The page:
The Sheriff’s Office expects to host one more graduation in April, when students from Seminole Springs Elementary School finish the program.
From Daily Commercial
Celebrating the graduation of 110 fourth-graders from the revived D.A.R.E. program at Roosevelt School are Somerset County Prosecutor Michael Robertson, Manville Police Det. David Sheffrin, who taught the course, Daren, the course's mascot, and Manville Police Chief...
Montgomery Police Officer Bruce Heddy receives his D.A.R.E. Officer certification from his training mentor, Officer Kate Proscia of the Branchburg Police Department. In the background is Rafael Morales of D.A.R.E. America…
Walterboro police officers helping to push an anti-drug message to a local elementary school. Students who attend Forest Hills Elementary in Walterboro will be receiving a D.A.R.E. course, thanks to new D.A.R.E.-Certified officer Rusty Davis. Davis is a Lance Corporal with the WPD who received his certification through the national anti-drug program last year.
SARANAC LAKE – After an eight-year hiatus, Saranac Lake School District has brought back the Drug Abuse Resistance Education (D.A.R.E.) program. The D.A.R.E. program has been revised using a new “keepin’ it REAL” curriculum. Students are assigned to write an essay expressing their thoughts and ideas about what they learned during the D.A.R.E. program.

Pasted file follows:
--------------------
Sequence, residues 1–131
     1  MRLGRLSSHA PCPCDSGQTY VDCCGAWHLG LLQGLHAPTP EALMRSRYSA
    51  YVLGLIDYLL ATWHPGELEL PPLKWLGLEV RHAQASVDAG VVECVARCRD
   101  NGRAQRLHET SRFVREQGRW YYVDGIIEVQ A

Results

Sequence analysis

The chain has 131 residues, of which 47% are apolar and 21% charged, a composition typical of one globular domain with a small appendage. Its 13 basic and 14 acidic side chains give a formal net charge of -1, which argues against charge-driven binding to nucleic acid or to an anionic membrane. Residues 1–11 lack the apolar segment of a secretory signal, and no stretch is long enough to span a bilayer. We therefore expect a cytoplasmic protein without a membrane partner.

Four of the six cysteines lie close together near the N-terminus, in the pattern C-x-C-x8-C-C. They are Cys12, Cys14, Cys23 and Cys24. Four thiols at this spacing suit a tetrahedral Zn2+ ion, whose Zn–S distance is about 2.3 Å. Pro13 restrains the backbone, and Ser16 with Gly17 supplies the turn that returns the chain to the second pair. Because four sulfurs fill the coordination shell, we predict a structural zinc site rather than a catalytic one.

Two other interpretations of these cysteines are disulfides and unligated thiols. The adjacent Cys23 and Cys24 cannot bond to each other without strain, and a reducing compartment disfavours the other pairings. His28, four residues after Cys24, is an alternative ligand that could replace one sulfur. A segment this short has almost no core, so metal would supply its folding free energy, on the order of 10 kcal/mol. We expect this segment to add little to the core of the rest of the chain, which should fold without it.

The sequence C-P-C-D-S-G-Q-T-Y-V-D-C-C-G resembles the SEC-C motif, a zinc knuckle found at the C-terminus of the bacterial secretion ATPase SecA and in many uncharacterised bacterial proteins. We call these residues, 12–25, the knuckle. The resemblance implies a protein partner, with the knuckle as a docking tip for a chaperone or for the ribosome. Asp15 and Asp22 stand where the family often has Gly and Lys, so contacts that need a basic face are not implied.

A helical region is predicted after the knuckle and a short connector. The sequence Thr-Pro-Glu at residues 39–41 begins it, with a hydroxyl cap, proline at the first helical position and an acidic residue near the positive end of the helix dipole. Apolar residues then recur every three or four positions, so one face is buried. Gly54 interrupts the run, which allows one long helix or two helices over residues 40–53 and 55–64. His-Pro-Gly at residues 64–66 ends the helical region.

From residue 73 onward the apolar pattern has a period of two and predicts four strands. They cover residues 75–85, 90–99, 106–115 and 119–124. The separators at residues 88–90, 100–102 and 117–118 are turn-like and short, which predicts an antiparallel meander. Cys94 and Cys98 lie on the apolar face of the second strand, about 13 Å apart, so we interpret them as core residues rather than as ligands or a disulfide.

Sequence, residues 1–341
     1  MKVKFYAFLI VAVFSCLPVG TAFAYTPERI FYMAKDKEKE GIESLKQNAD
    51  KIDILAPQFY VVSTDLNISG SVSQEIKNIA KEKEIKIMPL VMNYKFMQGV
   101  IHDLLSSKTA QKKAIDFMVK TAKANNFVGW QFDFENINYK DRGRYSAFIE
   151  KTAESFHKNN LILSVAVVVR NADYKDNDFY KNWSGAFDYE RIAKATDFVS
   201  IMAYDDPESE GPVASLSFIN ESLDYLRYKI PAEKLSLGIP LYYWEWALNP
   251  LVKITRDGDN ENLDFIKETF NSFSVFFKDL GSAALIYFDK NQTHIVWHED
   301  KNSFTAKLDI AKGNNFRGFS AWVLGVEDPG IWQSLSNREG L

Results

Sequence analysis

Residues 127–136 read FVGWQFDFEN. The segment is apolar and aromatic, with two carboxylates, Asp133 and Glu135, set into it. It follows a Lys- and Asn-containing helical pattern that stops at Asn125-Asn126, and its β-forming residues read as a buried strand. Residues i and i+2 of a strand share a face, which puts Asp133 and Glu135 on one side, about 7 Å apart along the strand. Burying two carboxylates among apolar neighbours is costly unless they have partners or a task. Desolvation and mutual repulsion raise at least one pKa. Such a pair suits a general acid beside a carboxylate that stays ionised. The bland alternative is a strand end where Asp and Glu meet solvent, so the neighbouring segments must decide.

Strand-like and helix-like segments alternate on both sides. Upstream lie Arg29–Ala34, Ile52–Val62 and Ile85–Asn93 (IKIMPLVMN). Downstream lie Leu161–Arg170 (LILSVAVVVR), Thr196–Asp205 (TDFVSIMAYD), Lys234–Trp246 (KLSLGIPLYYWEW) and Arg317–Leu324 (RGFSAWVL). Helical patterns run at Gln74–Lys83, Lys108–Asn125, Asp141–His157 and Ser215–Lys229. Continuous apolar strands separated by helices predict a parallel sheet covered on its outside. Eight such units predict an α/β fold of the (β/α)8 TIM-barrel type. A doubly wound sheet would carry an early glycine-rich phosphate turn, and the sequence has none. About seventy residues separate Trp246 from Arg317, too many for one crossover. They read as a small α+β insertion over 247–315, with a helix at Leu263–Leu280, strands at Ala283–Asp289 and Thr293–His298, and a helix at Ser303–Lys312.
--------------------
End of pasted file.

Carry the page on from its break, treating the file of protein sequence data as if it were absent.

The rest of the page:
The return of D.A.R.E. to Anne Arundel County was announced by County Executive Steve Schuh, Anne Arundel County Public Schools Superintendent George Arlotto, and Police Chief Timothy Altomare. D.A.R.E., which was part of the county schools’ curriculum from the 1990s to 2003, will be taught at Annapolis, Corkran, and Lindale middle schools starting in February this year.
The Forsyth Township Police Department has initiated a new Drug Abuse Resistance Education — or D.A.R.E. — program in the Gwinn Area Community Schools. D.A.R.E. was taught in schools throughout Marquette County in the past. Last fall Sergeant Jesse Cadwell attended D.A.R.E. training in Virginia and can now teach the curriculum.
GROVELAND — After a 12-year hiatus, the Groveland Police Department’s Drug Abuse Resistance Education program has been restarted and, according to Chief Jeffrey Gillen, it has been well received by school officials and parents.
Groveland Detective Josh Sindoni (in photo), a three-year member of the department, is the town’s D.A.R.E. officer.
D.A.R.E. Essay Finalists Cady Marrs (from left) and Jacob Willoughby, Essay Winner Karley Campbell and Nelson County Sheriff David Hill at Tye River Elementary School on Dec. 5 LYNCHBURG — After a four-year hiatus, the Nelson County Sheriff’s Office has brought back...
Students in a fifth-grade class at Herkimer Elementary School were given a scenario Thursday where a girl who smokes was going to a party. Some of the students offered solutions about what they would do. One said to not go. Another said to go, but if the friend started smoking to say you had to go home. Another said to just walk away.